FROM: U.S. STATE DEPARTMENT
Joint Press Availability With Egyptian Foreign Minister Sameh Shoukry
Secretary of State
September 13, 2014
They also discussed the meeting that they held in – concerning terrorism and joint and common action in order to address the phenomena of terrorism in general, and also with respect to the spread of ISIS throughout Syria and Iraq. They also discussed the importance of the strategic relationship between the U.S. and Egypt, and they agreed on the importance of continuing this relationship and further enhancing in the service of the interests of both countries on the basis of mutual respect and also the status of the U.S. as a major global power and Egypt as a regional power. And they focused on the political scene and the ability of each party to positively impact the situation and reach a positive resolution to several issues in the region.
The discussions also addressed the Palestinian question, which is a central problem in the Middle East region, and there was agreement in opinion over the importance of resuming the Palestinian-Israeli negotiations leading up to the founding of a Palestinian state on Palestinian territory with Jerusalem – East Jerusalem as its capital. And there was agreement that resolving this problem will result in stability and the removal of several of the root causes of tension at the regional and global levels.
I would welcome Secretary Kerry, and I have had the opportunity to discuss several issues with him here in Egypt and also through the constant communication that we have together, and I would like to thank him for his cooperation, and I hope there would be certainly more opportunities in the future to continue our joint work in the interest of both countries. Thank you.
SECRETARY KERRY: Well, thank you very much, Foreign Minister Shoukry, my friend Sameh. I’m very appreciative for that. I’m very appreciative for the welcome here. And indeed, Foreign Minister Shoukry and I are constantly in touch with each other, and I think we have a very strong working relationship which is now defining itself even in more initiatives that we will be working on together. I’m very pleased to be back here in Cairo and I’m very grateful to Foreign Minister Shoukry and President al-Sisi for their invitation to come back here in order to talk about the coalition that we are building to deal with ISIL, but also to deal with a number of other very complicated and important issues in the region, ranging from Gaza-Palestine to the Iran nuclear negotiations, Libya, and other issues.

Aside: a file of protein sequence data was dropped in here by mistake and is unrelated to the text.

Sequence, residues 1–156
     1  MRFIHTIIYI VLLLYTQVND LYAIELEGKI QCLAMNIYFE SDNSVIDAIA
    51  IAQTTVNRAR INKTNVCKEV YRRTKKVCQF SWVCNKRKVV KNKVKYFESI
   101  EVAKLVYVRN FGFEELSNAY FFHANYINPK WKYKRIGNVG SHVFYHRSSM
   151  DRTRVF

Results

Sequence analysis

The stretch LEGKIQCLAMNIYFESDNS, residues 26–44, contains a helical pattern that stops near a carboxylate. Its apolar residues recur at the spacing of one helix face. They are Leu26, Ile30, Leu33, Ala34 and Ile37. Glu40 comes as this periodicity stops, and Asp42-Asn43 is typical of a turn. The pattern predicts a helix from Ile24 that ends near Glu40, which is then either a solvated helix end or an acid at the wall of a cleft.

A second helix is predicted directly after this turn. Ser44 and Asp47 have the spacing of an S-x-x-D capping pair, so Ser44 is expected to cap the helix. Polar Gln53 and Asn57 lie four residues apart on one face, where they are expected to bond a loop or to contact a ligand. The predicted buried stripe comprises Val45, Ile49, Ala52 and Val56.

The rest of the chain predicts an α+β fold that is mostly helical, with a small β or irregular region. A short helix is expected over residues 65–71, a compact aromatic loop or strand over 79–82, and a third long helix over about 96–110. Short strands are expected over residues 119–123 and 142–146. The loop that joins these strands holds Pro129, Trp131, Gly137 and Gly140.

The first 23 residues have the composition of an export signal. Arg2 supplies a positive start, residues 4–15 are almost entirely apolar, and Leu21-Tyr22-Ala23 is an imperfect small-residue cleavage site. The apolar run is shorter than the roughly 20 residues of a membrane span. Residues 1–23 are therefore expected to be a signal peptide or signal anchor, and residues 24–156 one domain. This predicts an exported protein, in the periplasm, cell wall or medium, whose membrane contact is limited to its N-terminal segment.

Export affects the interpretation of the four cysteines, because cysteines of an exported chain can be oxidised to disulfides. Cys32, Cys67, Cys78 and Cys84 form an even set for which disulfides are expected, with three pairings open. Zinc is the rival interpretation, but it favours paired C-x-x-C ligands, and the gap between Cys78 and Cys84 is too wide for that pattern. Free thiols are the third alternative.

I had an opportunity to meet this morning also with Secretary General Nabil Eraraby of the Arab League, and I want to thank the Secretary General for his continued commitment to peace and to security within the Arab world. The relationship that the United States and Egypt share has long been a critical part of the United States relationship with the entire region. And today, I reiterated to President al-Sisi and to Foreign Minister Shoukry the United States commitment and desire to see Egypt succeed in the many transitions that it currently faces. We will support Egypt as it undertakes significant economic reforms, as it holds parliamentary elections at near term, and as it works to follow through on its pledge to protect human rights, which we believe is an essential ingredient of stability.
We also pledged to continue to work closely with Egypt to advance our common strategic interests, a number of which were the centerpiece of our discussions here today. I reiterated to President al-Sisi and to Foreign Minister Shoukry how appreciative we are of Egypt’s leadership in brokering the Gaza cease-fire. Together, our nations and other international partners will continue to discuss the path forward for the two parties to be able to reconvene in Cairo, to work through the critical underlying issues that have stood in the way of an enduring cease-fire, and frankly have prevented it for too long.
We also discussed the clear need to support the elected government next door in Libya. Both Egypt and the United States understand that while our nations must continue to push for a peaceful resolution, ultimately, the Libyan people and their elected representatives are the only ones who can decide that it is time to resolve their conflicts through constructive political dialogue. And we hope they will make that decision as swiftly as possible. What we both know is they had an election, the election had an outcome, and everyone should respect the outcome of that election.
Our conversations also focused extensively on our shared fight against terrorism and extremism. Egypt is on the front lines of extremist threats, particularly when it comes to the extremist groups in the Sinai. And that is why, in an effort to support the Egyptian Government’s work to counter those threats, last month we announced our intention to deliver 10 Apache helicopters to the Egyptian military. The fact is that in today’s globalized world, it’s only a matter of time before the threat of terrorism anywhere becomes a threat of terrorism everywhere.
That has certainly been proven true in the case of ISIL. It is an organization whose brutality and sheer evil knows no bounds. ISIL claims to be fighting on behalf of Islam, but it actually has nothing to do with Islam. It is increasingly clear that its message of hate is rejected by the overwhelming majority of Muslims all around the world. I have heard this loud and clear from leader after leader in Muslim states that I have visited, and it is clear in the pronouncements of religious leaders around the world in meetings that I have had throughout the region this week, including the conference in Jeddah where I met with the leaders from Egypt, Turkey, Jordan, Iraq, Lebanon and the GCC states. And we all met with the sole goal of discussing the global effort to take on ISIL and to continue to fight against terrorism.